claim to the office you hold, it lays claim to you. Your 
     obligation is to bring to it the gifts you can of labor and 
     honesty and then to depart with grace.

  By his own standards, Bob Dole stands out as one of the most noble 
and dignified men who ever graced these Halls.
  Senator Dole did not win the 1996 Presidential election, but his 
commitment to public service has not wavered. He still contributes to 
the public debate through his writing and speaking, and he has remained 
active on the campaign trail. We have been fortunate that since his 
retirement another Dole has joined this Chamber--his wife, Senator 
Elizabeth Dole, who serves the people of North Carolina and our Nation, 
also, with great distinction.
  When Senator Dole resigned from the Senate 10 years ago to run for 
President, he and I were the only remaining Members of the class of 
1968. We have a bond that was forged on the morning of January 3, 1969, 
when we each took the oath to serve our country in the Senate. That 
bond never fades, and I salute his service today.
Suzanne Downing
Suzanne Downing
Suzanne Downing had careers in business and journalism before serving as the Director of Faith and Community-based Initiatives for Florida Gov. Jeb Bush and returning to Alaska to serve as speechwriter for Gov. Sean Parnell. Born on the Oregon coast, she moved to Alaska in 1969.


  1. I’ll always remember Dole, when he was considering his run for president, introducing a bill to limit liability of the EXXON-Valdez spill by making his bill retroactive to before EV oil spill.
    Ted Stevens shot it down but likely EXXON promised Dole a few bucks to introduce that.

  2. Being from Kansas, Bob was my guy. War hero in the 10th mountain division during WW2, came home shot up, ran for office. Married a sweet lady in Liz Dole. Survived prostate cancer. Was even in a super bowl commercial. Great American.

    • Takes a Great American to attempt to screw over a bunch of fishermen to placate one of the largest corporations in the world, eh. Sorry but he showed his true colors to me.

        • It’s all about EXXON money for Bob Dole. This was years after the spill but that bill specifically made those limits retroactive to EV. The fishermen were entitled to punitive damages by the Court. Because you say you know folks that weren’t negatively effected by EV-put up or shut up.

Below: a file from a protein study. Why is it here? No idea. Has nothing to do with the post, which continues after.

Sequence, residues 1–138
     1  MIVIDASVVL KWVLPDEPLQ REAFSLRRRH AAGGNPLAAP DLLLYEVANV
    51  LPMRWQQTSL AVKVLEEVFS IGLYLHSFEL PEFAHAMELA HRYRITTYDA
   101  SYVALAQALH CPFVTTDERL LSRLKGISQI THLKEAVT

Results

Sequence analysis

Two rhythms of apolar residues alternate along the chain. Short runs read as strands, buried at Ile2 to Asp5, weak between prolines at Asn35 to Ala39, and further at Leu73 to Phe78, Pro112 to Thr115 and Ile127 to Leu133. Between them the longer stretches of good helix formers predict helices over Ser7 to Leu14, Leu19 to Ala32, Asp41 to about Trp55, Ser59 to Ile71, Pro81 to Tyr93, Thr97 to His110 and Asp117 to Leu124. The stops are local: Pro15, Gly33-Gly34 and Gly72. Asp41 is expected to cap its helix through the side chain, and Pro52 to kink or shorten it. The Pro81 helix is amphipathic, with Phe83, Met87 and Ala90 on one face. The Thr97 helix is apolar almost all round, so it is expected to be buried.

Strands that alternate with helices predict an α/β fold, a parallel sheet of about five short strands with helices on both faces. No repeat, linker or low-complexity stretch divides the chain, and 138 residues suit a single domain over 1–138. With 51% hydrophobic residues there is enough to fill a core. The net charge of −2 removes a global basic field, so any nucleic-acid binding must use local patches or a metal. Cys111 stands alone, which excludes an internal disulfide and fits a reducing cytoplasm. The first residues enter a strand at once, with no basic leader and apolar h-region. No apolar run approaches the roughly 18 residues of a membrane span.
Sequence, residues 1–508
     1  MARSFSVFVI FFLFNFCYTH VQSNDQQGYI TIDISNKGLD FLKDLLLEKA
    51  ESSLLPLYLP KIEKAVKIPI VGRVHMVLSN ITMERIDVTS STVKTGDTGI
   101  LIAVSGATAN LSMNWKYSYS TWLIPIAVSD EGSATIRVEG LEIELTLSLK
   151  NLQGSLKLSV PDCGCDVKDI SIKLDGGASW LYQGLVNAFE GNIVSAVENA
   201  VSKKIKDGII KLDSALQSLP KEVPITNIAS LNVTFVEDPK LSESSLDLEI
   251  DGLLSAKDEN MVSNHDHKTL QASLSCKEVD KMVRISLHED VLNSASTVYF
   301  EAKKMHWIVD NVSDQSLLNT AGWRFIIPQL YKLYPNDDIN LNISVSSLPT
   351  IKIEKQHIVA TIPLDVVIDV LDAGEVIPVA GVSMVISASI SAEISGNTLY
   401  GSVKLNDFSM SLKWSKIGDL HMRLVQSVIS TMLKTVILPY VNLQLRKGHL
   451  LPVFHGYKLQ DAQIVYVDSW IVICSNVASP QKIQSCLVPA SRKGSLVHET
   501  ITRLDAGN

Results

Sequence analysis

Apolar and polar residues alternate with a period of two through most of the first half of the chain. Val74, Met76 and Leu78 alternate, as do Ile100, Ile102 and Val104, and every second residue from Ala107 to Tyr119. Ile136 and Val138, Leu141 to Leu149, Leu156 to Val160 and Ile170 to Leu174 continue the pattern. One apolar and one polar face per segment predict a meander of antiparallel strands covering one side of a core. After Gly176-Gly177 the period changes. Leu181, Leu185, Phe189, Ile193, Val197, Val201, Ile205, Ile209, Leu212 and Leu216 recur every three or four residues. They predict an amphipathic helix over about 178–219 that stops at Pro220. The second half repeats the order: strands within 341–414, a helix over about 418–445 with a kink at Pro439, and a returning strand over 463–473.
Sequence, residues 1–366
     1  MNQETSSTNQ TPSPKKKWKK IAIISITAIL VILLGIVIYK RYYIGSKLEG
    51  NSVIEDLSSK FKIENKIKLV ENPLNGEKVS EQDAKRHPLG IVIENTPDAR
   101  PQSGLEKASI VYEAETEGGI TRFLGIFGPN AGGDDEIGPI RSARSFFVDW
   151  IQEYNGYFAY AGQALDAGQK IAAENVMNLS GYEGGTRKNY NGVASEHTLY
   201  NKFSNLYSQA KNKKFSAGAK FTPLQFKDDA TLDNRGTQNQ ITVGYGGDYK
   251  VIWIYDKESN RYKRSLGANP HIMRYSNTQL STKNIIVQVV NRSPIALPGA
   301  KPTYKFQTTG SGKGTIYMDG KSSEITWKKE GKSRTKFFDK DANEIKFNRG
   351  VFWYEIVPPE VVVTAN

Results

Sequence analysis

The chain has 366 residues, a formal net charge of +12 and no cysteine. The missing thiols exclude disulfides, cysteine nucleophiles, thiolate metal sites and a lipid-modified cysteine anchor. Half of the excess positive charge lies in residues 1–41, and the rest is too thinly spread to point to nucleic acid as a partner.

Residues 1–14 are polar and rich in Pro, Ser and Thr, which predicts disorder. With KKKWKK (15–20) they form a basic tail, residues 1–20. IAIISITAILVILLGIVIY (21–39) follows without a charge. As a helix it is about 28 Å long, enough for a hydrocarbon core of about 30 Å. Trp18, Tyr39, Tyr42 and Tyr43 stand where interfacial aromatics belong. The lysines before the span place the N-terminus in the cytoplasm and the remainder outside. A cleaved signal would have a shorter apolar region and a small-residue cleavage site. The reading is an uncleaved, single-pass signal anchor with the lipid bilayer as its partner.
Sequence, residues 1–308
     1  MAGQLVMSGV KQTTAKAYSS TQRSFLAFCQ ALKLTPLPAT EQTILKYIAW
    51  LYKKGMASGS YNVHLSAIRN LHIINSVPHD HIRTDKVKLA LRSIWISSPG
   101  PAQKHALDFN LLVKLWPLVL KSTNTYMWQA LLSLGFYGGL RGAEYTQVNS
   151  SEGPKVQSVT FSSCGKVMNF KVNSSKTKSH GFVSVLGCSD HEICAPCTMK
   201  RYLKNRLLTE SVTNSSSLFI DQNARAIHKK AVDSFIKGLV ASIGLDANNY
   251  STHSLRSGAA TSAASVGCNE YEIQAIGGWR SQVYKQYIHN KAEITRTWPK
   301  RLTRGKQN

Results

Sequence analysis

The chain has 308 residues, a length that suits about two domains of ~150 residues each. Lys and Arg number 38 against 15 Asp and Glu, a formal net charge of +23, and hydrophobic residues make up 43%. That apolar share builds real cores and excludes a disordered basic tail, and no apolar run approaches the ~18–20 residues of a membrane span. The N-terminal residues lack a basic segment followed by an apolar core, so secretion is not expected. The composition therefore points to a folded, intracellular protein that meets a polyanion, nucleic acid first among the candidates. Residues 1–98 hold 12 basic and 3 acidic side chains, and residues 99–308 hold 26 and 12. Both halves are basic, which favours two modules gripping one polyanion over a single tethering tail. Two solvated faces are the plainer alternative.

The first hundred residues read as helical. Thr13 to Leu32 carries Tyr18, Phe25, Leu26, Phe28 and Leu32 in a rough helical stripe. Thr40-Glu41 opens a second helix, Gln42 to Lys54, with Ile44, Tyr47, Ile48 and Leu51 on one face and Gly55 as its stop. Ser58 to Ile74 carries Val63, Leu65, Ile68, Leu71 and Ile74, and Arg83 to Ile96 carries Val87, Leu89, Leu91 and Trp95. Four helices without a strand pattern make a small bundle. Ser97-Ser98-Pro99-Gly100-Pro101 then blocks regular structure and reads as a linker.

Ted Steven recognized the asinine position of Dole and shut it down pronto.

          • I want more than you’ve given, that’s for sure. How would you know a thing about their “making bank” or their financial situation unless you handled their tax returns? There were a few fishermen and others that made very good money working on the spill but that has nothing to do with your comment IMO.
            How about at least giving some background on these folks and the amounts of “making bank” you speak of??

    • Agreed. Now is not the time for civility among, or more importantly WITH the political class—but back when it was the order of the day, and amongst the unity of purpose shared by many in DC around existential threats, Dole was the model of civil discourse. He’s also a war hero, from a time when we fought wars that had a purpose we could all easily understand. Truly, the last of his breed.

  3. It was a German machine gun that fired a burst into Doles shoulder and arm. The damage was so great that the Army surgeons wanted to take his right arm off but he refused to allow them to do so, and being an officer they had to respect his decision. He was 20 years old when wounded.

  4. Bob Dole was a true war hero who received severe wounds during his combat service in WWII. He was a life long Republican who served the party in various positions. He also served Kansas as it’s Senator for many years. Mr. Dole was widely respected for his honesty and integrity.

    Interestingly, at the 1996 Republican Convention, Dole’s wife, Elizabeth, introduced him to the crowd because he was such an unknown. The campaign struggled to get name recognition against a popular incumbent President despite hard work. Some complained that Dole was on the ticket because it was ‘his turn’. At any rate, President Clinton won re-election easily.

    • Thanks to Ross Perot, Bob Dole even got a chance to run against slick Willy. Had Perot not stolen half of the Republican vote, dad Bush would have beat Clinton like a rented mule. Then we would have had back-to-back Bush presidencies. But all things happen for a reason. Without Clinton we wouldn’t have had 911. Multiple people wouldn’t have shot themselves in the back of the head at night in a park. Monica’s blue dress would have just gone out for dry cleaning. Hillary would have never gotten the chance to steal the White House’s silverware. The steel dossier never would have happened because it was instigated by the clintons. Yeah thanks to Ross Perot he sure did a lot of history changing and some not for the better. As a result, the Doles were known as America’s royalty.